Wednesday, January 14, 2009

"Slumdog Millionaire": movie review

"Slumdog Millionaire" is shaping up to be THE must-see movie of the year, so I went to see it. Its freshness comes from its unvarnished portrayal of India's brutal realities, but overall this feel-good drama does not deviate one bit from genre cliches. All the characters eventually are rewarded according to their choices. Somebody who went over to the dark side redeems himself in death. Sorry if that's too spoilerous, but really, you can predict the characters' fates halfway into the movie. The scenes of brutality are disturbing enough to possibly trick you into thinking you are watching Real Art. :-) But this is not a movie that will make you think, unless it's of human rights violations in India. That's a worthy topic, but it's merely an aside in this movie.

I used to watch lots of Indian movies back in my teenage years. In the time and place I grew up in, Indian movies were so popular as to be practically mainstream. I had a friend who liked to revel in the kitschy, over-the-top spirit of Indian dramas, and she used to drag me to see them. This is not, of course, a Bollywood movie per se (it's made by a British director); but I saw in it echos of memes common to Indian movies of my day. For example, there's the Decades-Long Search for the Beloved Missing Person meme that used to drive the plot of every other Indian movie. Usually it was a mother searching for a son separated from her since young age. In Slumdog Millionaire it's a boy searching for a girl he loved since childhood. Anyway. There's also the Improbable Coincidences meme. I'm referring to a certain scene in the finale. Well, it wasn't a completely improbable coincidence, since it was logically set up to be that way. And I have to say it played out cleverly, what with a real-life- and a televised drama converging over a cell phone. I liked it.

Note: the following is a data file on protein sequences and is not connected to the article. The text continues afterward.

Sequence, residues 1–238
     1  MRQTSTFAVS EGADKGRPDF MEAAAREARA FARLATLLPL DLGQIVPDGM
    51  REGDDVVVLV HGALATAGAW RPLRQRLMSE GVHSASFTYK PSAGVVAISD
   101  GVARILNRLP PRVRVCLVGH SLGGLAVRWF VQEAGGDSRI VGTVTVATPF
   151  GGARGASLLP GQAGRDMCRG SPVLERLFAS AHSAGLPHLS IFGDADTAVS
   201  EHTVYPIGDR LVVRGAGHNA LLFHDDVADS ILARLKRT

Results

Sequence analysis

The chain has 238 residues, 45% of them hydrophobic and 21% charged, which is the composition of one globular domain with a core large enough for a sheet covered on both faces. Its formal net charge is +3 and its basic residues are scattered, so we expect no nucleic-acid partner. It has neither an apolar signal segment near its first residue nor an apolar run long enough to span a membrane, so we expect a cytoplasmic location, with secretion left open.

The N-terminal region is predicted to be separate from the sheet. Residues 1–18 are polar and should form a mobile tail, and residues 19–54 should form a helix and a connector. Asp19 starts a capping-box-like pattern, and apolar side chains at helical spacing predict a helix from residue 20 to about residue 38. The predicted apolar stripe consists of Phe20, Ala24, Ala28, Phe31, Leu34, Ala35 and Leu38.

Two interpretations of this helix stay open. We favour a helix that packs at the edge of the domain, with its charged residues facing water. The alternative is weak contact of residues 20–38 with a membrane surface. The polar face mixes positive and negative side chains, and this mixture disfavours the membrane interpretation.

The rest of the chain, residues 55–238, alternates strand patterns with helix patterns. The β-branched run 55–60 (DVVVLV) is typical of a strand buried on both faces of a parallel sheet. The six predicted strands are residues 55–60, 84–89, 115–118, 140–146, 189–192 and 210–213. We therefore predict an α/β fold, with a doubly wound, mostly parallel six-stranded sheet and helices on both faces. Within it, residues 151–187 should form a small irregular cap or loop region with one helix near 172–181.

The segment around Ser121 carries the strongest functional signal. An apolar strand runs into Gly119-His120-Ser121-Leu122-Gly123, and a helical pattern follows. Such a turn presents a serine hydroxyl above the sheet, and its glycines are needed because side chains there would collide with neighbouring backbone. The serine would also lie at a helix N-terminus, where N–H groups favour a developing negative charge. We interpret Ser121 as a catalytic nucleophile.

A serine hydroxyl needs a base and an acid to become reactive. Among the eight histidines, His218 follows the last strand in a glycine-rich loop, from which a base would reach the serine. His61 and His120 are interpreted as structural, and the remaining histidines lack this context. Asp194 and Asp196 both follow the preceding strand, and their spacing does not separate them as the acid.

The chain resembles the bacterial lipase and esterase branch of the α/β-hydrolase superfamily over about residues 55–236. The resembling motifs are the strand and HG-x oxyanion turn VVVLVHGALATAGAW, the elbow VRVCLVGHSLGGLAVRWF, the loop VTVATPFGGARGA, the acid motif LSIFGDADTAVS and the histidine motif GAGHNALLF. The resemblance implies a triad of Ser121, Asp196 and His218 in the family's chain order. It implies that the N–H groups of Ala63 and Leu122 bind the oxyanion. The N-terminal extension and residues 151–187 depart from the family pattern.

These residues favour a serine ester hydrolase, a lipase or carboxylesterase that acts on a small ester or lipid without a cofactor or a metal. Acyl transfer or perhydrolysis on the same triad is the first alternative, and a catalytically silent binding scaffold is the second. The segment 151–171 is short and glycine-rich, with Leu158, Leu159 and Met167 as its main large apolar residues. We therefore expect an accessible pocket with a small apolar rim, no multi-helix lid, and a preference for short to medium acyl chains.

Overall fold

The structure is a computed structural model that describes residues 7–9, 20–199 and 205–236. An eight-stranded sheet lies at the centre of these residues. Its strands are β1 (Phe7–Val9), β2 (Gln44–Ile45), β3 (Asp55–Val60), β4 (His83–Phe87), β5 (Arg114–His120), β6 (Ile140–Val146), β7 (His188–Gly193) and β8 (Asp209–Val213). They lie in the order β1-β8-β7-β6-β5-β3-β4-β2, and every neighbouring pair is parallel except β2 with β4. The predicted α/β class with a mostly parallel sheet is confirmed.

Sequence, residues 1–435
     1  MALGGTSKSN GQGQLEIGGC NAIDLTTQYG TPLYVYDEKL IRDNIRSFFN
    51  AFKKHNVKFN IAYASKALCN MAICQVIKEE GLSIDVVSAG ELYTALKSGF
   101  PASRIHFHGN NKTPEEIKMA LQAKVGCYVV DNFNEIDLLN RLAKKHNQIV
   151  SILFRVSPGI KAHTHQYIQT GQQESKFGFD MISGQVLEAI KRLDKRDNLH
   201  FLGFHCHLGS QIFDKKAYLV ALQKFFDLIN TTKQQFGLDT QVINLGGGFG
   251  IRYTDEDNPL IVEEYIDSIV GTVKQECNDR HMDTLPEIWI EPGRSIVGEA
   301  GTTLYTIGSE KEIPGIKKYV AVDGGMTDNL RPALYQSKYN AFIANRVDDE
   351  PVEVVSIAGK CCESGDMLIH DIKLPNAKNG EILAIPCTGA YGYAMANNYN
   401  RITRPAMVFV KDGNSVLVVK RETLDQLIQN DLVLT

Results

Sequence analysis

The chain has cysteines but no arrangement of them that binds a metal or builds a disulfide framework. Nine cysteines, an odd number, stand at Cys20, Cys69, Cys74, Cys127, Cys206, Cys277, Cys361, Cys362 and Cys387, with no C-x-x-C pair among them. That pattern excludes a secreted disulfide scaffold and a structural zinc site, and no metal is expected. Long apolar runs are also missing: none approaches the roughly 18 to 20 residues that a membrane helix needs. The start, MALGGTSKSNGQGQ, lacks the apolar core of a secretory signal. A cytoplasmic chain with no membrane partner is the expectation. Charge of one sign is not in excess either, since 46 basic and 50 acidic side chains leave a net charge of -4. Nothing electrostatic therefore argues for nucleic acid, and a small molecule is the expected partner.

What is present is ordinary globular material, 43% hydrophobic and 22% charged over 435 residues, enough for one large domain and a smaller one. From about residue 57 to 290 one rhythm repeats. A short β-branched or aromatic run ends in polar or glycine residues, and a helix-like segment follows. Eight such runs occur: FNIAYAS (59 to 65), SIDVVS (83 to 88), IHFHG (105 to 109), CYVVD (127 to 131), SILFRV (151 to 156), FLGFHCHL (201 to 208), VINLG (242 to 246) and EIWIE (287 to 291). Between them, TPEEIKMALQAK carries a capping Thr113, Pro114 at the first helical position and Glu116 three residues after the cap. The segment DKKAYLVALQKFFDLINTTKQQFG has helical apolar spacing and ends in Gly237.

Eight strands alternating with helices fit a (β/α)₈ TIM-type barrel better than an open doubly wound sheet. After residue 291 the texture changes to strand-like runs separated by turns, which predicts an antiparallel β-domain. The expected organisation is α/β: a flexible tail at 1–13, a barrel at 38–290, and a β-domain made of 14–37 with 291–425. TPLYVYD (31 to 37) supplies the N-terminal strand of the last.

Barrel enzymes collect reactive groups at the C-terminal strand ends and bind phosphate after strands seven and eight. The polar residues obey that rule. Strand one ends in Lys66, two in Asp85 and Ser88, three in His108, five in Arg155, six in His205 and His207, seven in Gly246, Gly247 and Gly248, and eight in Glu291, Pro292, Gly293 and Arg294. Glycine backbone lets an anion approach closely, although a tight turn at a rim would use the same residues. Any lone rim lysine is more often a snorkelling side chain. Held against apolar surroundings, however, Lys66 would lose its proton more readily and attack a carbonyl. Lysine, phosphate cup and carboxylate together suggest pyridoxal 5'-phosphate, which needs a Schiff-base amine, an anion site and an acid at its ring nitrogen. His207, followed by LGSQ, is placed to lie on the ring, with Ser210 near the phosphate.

So overall it is a good escapist movie. It's heartfelt and sincere, and the characters will make you root for them. Not a bad way to spend 2 hours. But I wouldn't go see it if I wanted some more thought-provoking.

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